Fundraising new school and next gen

by Jini Stolk

Gen X-ers’ attachment to the digital world has irretrievably changed the face of fundraising, according to a plethora of sources. It’s hard to keep track of all the new information and studies coming our way, and harder still to know how to adjust our fundraising strategies (to include a “cross-generational, cross-channel lifecycle plan”) in response.

Something important’s happening, that’s for sure. For the first time ever, according to UK Fundraising, 55% of donations to the Disasters Emergency Committee to help people displaced by the civil war in Syria were made on line.

Surprises abound in the next generation of giving, according to the 2013 Next Generation of Canadian Giving Study, which surveyed more than 800 Canadian donors and not only is Gen X a rising force in philanthropy, but Gen X-ers are better off in Canada than in the US or UK; both Gen X and Y have moved away from text giving, don’t use Facebook for charitable giving, and have embraced using their mobile smart phones to make donations.

Millenial donors are a unique demographic that is key to nonprofit fundraising success affirms Desi Cabrera | of Miratel Solutions Inc. : nonprofits should maintain a strong social media presence because 51% of surveyed respondents connected with causes they support through social media, 83% of these Millenials made a financial gift to a nonprofit in 2012, 75% “like, retweet or share content through their social media networks,” and they especially like “stories about successful projects or the people they help.” Many of them (65%) also receive emails or newsletters from multiple organizations, so let’s keep those cards and letters coming…

Owen Charters, Chief Development Officer of the MS Society of Canada, says in Fundraising in the Digital World that conventional fundraising wisdom still applies in the digital world but some of it needs to be turned on its head, and storytelling doesn’t count as much as we’ve been led to believe: donor-centered fundraising is what yields results.

The Next Gen Donors research project is trying to track the motivations behind the methods: the Next Gen, it says, is driven by values and cares more than anything else about demonstrated impact.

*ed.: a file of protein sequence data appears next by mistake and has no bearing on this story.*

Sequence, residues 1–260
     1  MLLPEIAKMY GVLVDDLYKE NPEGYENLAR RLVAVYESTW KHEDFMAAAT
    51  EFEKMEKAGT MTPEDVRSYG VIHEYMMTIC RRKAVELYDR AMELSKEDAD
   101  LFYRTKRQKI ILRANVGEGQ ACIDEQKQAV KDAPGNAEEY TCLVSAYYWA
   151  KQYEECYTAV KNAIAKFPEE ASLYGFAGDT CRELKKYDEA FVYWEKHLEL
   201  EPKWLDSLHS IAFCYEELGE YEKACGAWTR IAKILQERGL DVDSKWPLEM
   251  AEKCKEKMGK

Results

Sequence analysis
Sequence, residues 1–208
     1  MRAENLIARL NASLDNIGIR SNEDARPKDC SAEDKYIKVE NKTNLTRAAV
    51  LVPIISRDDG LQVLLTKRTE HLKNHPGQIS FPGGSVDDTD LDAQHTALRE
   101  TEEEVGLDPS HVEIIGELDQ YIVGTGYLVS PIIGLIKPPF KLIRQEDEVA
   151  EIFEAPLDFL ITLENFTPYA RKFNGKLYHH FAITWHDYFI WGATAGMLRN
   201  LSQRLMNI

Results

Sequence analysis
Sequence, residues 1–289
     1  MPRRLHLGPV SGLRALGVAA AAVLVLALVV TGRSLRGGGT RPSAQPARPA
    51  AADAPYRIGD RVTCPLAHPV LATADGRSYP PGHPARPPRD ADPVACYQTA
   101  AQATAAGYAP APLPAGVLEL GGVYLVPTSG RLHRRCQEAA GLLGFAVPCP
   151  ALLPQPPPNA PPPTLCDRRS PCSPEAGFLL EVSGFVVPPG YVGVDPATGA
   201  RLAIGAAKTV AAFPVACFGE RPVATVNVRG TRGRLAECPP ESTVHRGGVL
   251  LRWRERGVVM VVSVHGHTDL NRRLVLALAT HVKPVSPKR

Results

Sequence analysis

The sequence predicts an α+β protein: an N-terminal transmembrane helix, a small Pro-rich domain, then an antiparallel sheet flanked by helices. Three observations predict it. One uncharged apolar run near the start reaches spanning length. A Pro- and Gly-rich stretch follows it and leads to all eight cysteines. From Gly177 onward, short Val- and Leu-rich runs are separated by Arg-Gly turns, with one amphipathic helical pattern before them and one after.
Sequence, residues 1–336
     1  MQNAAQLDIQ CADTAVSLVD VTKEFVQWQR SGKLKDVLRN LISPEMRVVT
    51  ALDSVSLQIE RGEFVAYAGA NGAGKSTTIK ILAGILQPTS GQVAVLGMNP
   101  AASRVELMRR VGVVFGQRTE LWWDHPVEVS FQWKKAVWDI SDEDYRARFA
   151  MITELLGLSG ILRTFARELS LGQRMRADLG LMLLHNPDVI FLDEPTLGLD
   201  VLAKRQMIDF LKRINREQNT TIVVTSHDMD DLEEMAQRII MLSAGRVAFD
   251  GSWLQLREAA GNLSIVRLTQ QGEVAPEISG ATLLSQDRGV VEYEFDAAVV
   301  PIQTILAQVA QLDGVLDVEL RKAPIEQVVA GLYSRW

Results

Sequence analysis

Oh yes, and your website should be radically changed (like Canada’s St. Michael’s Hospital Foundation did) to make it a great experience for donors.

It looks like there’s no getting around it: we have to do some of everything, and we have to do it all well.

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Is there anything out there that might make life easier for us fundraisers? I’m intrigued by Giftit, a kind of online yard sale. If any of your donors are downsizing – moving from a large family home to a smaller condo – this might be an alternative to lining the sidewalk with stacks of “free stuff.” Giftit allows anyone to post items or services for sale, with the proceeds going to the seller’s chosen charity. It’s free for charities to sign up and free for donors to post items online.

Charities get their own profile page listing all donated items, along with a range of promotional links to placement on their webpage, blog, Facebook, Twitter, and Email. You can sign up and look at an example profile page.

Is this potentially an alternative to yard sales and/ or auctions? It seems worth a try. Reduce, reuse, recycle AND donate to charity.

Want more?
For a quick overview of social media as a fundraising tool check out this slide show by EDA Consulting.

There may still be places left in Artscape’s workshop on major gift fundraising campaigns Tuesday, September 24, 2013, 9:30 AM – 12:30 PM, led by Tim Jones, Artscape’s President + CEO; Leslie Najgebauer, Artscape’s Director of Development; Avon MacFarlane of the Offord Group, Artscape’s expert Fundraising Counsel; and Rudy Ruttimann, Executive Director of SKETCH.It’s at Daniels Spectrum, 585 Dundas Street East, Ada Slaight Hall. RSVP to kelly@torontoartscape.on.ca by Thursday September 19th.

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